At Bridge, we believe in listening to voices from all over our state. Got something to say? Contact us and join the conversation (details below)
How to submit a Guest Commentary
What to know:
Bridge Magazine welcomes a diversity of voices and perspectives from readers on issues important to Michigan. Guest commentaries reflect the views of the author(s), and are independent of the nonpartisan, fact-driven reporting of Bridge’s newsroom staff.
Commentaries must be the author’s original work and preferably will not have appeared first in other publications. Bridge reserves the right to decline submissions at our discretion.
We reserve the right to edit commentary for grammar, clarity, brevity or to address legal or factual concerns. We may offer editing suggestions, but in the service of making your work more accessible, not to alter your views.
We do not pay for guest commentary.
Here are some guidelines:
- Columns are usually 500-700 words
- They generally focus on a Michigan topic or policy and should avoid ad hominem attacks
- The more direct, distinct and/or intimate your perspective, the more effective your column will be
- The best columns do more than identify problems; they also offer solutions and facts to back them up
- Please include a one- or two-sentence bio, including the writer’s organization or relevant background
- Send a good quality, large headshot of the writer(s) as an attachment
- We also ask that, in return for publishing a guest commentary, the author(s) and their organizations generously promote the link to the published column through your Facebook, Twitter and other social or professional networks.
That’s about it. Keep the writing clear, conversational and free of jargon, and sell our smart and receptive readership on the argument you are trying to make.
Who to contact:
Email your submission or idea to Ron French at firstname.lastname@example.org. Please briefly describe who you are and what you would like to say.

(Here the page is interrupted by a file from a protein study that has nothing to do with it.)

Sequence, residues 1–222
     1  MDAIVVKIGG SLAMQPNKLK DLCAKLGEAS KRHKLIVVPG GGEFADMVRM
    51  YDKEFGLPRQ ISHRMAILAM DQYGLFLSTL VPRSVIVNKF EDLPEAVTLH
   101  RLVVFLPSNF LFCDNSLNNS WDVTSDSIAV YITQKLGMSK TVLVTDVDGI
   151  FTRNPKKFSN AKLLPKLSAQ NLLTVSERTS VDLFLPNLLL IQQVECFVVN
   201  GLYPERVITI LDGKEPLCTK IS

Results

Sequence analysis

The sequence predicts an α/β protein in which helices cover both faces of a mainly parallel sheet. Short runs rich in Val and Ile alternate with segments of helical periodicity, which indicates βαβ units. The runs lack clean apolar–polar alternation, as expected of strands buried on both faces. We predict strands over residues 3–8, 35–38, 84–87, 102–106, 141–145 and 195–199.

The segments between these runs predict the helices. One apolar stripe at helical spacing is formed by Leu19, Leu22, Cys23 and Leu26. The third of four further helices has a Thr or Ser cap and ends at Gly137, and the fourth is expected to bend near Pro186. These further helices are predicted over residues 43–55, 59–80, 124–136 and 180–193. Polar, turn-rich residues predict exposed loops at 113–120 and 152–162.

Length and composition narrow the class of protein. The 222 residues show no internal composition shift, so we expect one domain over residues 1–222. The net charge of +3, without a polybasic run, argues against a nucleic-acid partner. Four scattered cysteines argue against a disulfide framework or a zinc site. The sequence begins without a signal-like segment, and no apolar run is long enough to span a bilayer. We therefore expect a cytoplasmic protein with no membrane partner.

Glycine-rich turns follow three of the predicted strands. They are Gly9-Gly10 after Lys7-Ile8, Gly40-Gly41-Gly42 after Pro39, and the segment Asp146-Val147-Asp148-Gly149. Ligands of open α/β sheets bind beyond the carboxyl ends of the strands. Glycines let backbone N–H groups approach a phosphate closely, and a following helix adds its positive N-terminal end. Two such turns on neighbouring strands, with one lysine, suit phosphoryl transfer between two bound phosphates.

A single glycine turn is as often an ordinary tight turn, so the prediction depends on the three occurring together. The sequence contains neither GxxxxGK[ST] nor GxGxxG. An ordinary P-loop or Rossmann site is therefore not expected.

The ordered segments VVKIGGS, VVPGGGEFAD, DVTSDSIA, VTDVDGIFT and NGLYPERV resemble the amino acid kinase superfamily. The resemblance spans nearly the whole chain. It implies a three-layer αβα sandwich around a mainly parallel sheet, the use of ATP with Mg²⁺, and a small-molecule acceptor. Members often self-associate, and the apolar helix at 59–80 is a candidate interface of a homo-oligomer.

A Michigan superintendent takes issue with a recent Bridge guest commentary that argued for equal, rather than equitable, school funding.
At least 31 people have been saved by Michigan conservation officers since 2015. A budget proposal in the House threatens to eliminate some of those positions at the Department of Natural Resources.
Enbridge is taking steps to safeguard the pipeline that pumps $160 million in taxes into Michigan’s economy. Politicians’ knee-jerk proposals to decommission the pipeline would only hurt the working class.
Senate Majority Leader Mike Shirkey’s idea doesn’t fix the damn roads – it kicks the can down the damn road.
Gov. Gretchen Whitmer’s $1 million school research collaborative has drawn widespread support statewide. There’s one problem: It doesn’t even the playing field.
Michigan cut back on school librarians during the recession. It’s time to bring them back.
Why build a new gas-powered plant when renewables are the future?
Many places in Michigan are losing population. The solution: Visas specifically for skilled immigrants willing to move there. It’s an idea based on successful programs in Canada and Australia.
Michigan’s attorney general explains why she sued to close the controversial Line 5 gas pipeline that passes beneath the Mackinac Straits.
Two developers respond to a Bridge Magazine article about their investments in Detroit. ‘Our focus is increasing availability of affordable, quality housing for the city’s residents.’
Benton Harbor is in danger of losing its high school because of poor academic performance and debilitating debt. A former state superintendent says the district’s struggles should be a wake-up call for Michigan.
Michigan’s Supreme Court justices should restore the minimum wage increase that the public wanted last year – and the Legislature weakened in lame duck.
Sure, payday loans charge 400 percent interest. But they can help low-income Michigan residents make it to their next payday, says a Hillsdale College economist.
There’s a growing movement to take students out of the classroom and into nature to learn about the environment and nature. That’s happening in schools and programs around Michigan.
Robert Ruleau’s family business has survived weather and invasive species. Now it’s trying to survive the Department of Natural Resources.
The Flint water crisis impacted thousands of young children. A researcher who has studied the impact of lead exposure says there are interventions that can help.
Listen to one another. Keep an open mind to new concepts (as well as some old) and collaborate so Michigan can be a national leader in clean and safe energy
An emergency room doctor describes the anguish he sees every day as patients are forced to choose between urgent medical care and playing their bills.
The sad irony is that the elected officials who gutted paid sick time for Michigan workers are salaried and get paid in full whether or not they show up to work.